LAKE BUENA VISTA, Fla. -- Blowing plastic horns and waving blue-white-and-red Dominican Republic flags, the parade of 10 strutted down the steps behind the Venezuelan dugout at Disney's Wide World of Sports yesterday.
An hour before the first pitch of this game in the inaugural World Baseball Classic - a game eventually won by the Dominican Republic, 11-5 - this group of Dominican revelers was purposely in enemy territory. They were there to make noise.
The Venezuelan fans heard the interruption and immediately responded by chanting "Hey, Venezuela, Hoo," to drown out the bleating horns. Finally, a couple of Venezuelans ran over to the interlopers and wrapped them in a yellow Venezuelan flag.
There were cheers and laughs. No punches thrown or security guards needed. This, after all, was Disney, not Yankee Stadium. This was the World Baseball Classic, not the American League Championship Series.
Ear-poppingly loud and intense, but impressively civil all the same. There was singing and flag-waving and dancing in the aisles. A salsa party at a baseball stadium.
"The atmosphere out there is something that pretty much every Latin person has going on in their blood," said Dominican David Ortiz, who had two homers and three RBIs in the game. "Everybody has a lot of passion for the baseball game."
The passion goes beyond cheering for their own countrymen. Thirty minutes before game time, Atlanta Braves outfielder and Baltimore native Brian Jordan attempted to walk through the concourse to a stadium elevator.
Jordan, whose Braves train at the Disney complex, wanted to watch the game and figured he'd go unnoticed through the crowd. But one fan recognized him and asked Jordan to sign a hat. Moments later, he was mobbed by Dominican and Venezuelan fans posing for pictures and thrusting baseballs at him to sign. It took him more than 15 minutes to walk past three sections of seats.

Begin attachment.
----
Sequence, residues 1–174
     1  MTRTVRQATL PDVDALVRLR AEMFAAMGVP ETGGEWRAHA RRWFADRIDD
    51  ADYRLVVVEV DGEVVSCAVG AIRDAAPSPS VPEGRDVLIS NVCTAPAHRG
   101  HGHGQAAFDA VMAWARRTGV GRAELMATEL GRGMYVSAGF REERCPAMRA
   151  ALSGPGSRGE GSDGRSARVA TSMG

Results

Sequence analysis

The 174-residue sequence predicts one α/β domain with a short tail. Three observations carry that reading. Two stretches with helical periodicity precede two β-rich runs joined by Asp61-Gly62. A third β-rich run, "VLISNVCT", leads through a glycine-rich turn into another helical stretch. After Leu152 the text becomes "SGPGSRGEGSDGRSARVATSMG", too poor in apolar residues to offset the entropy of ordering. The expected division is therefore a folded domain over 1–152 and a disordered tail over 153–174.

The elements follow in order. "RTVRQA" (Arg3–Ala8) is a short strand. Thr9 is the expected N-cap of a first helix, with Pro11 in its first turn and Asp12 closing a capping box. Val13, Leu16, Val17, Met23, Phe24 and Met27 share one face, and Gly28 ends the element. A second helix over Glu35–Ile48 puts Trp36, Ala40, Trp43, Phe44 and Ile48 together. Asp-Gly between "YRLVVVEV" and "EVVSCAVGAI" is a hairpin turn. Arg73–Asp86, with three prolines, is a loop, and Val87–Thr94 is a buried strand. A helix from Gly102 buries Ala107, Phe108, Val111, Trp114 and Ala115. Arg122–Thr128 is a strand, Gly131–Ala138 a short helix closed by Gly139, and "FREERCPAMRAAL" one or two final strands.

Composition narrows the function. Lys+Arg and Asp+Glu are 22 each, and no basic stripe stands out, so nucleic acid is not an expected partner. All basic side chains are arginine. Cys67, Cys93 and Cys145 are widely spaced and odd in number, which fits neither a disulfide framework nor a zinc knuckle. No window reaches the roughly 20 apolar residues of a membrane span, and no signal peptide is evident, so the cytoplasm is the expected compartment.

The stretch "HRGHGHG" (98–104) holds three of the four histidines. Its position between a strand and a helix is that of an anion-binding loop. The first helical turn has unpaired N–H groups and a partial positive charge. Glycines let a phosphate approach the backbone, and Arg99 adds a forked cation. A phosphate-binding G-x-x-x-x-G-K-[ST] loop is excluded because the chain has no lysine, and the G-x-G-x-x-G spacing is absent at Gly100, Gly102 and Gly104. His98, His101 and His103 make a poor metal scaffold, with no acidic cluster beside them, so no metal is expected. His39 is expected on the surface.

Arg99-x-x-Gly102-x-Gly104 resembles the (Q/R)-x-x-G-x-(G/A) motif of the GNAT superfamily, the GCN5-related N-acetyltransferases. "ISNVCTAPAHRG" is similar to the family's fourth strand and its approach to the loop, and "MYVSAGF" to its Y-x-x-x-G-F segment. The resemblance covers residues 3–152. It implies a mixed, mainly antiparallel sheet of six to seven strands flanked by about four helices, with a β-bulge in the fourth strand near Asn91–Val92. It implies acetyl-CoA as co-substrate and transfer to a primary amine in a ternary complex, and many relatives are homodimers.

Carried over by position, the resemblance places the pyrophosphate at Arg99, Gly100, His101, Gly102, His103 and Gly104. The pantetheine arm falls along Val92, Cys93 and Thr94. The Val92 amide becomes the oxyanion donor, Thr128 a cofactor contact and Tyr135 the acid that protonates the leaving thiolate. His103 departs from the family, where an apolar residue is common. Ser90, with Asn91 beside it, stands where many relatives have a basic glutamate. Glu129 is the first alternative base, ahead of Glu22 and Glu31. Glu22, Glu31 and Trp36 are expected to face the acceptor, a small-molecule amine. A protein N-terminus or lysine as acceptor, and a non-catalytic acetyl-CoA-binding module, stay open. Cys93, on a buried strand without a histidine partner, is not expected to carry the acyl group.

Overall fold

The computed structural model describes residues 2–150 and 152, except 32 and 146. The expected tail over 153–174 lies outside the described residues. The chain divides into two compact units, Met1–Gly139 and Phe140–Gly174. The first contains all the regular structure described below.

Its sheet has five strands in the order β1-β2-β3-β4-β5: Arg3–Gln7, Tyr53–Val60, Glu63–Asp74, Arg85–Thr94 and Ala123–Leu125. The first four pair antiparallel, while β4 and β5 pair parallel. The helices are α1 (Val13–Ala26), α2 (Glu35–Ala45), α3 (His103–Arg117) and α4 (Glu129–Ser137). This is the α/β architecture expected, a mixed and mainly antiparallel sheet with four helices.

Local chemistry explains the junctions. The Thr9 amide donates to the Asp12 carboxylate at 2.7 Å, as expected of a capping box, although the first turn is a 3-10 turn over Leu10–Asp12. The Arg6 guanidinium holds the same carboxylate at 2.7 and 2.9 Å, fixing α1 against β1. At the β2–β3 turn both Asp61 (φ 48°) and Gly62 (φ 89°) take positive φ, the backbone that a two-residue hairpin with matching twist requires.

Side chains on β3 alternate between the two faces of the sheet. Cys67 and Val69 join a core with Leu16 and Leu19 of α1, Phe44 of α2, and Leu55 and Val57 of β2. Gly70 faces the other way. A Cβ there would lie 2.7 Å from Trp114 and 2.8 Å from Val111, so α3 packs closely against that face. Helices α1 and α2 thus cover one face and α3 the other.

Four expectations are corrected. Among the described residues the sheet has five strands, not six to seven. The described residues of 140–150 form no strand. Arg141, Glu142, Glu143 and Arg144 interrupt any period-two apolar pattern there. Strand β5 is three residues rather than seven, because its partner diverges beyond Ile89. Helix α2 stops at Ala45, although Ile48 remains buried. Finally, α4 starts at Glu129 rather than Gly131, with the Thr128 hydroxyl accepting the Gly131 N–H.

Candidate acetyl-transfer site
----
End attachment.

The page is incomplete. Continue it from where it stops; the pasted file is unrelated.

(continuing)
"That was unbelievable. They love their baseball and they know their players," Jordan said. "I felt like Michael Jackson going up there. Jeez."
Along with the United States, which is in the opposite bracket, the Dominican Republic and Venezuela are considered the favorites in the 16-team tournament. And their fans love the burgeoning rivalry.
Venezuela beat the more accomplished Dominican Republic in last month's Caribbean World Series, and the two likely will meet again in the second round of the Classic and perhaps a third time in the semifinals.
Yesterday, the Dominican Republic started pitcher Bartolo Colon, the reigning American League Cy Young Award winner, while Venezuela countered with Johan Santana, the 2004 AL Cy Young winner. An impressive beginning for what, technically, is an exhibition.
"This is different," said Dominican general manager Stan Javier, a former major leaguer. "You are not playing for a city or a team. You are playing for your country."
Orioles shortstop and Dominican Republic native Miguel Tejada said the atmosphere rivaled Caribbean World Series games for intensity and crowd fervor.
"It was the same," Tejada said. "In the Caribbean Series, you have to play hard every inning. And every out is important."
It wasn't a particularly good day for Tejada, whose only hit came on a bunt in the ninth. He struck out three times and nearly hurt himself badly.
While charging a grounder in the eighth, he tweaked his right knee. He made the play, but came up hobbling. He said he initially was scared, but the pain subsided.
"The doctors checked me and said I was fine," Tejada said. "I feel no pain."
The same can't be said for new Orioles catcher Ramon Hernandez, who walked into the interview room with two large ice packs wrapped around his right forearm. Hernandez, Venezuela's starting catcher, was plunked with a Julian Tavarez pitch in the seventh inning. He remained in the game, and said X-rays weren't needed.
"It's sore right now. Hopefully, it's a little bruise," Hernandez said. "If it is a bruise you can live with it."
He said he wasn't sure if he would be able to play in tonight's game against Italy.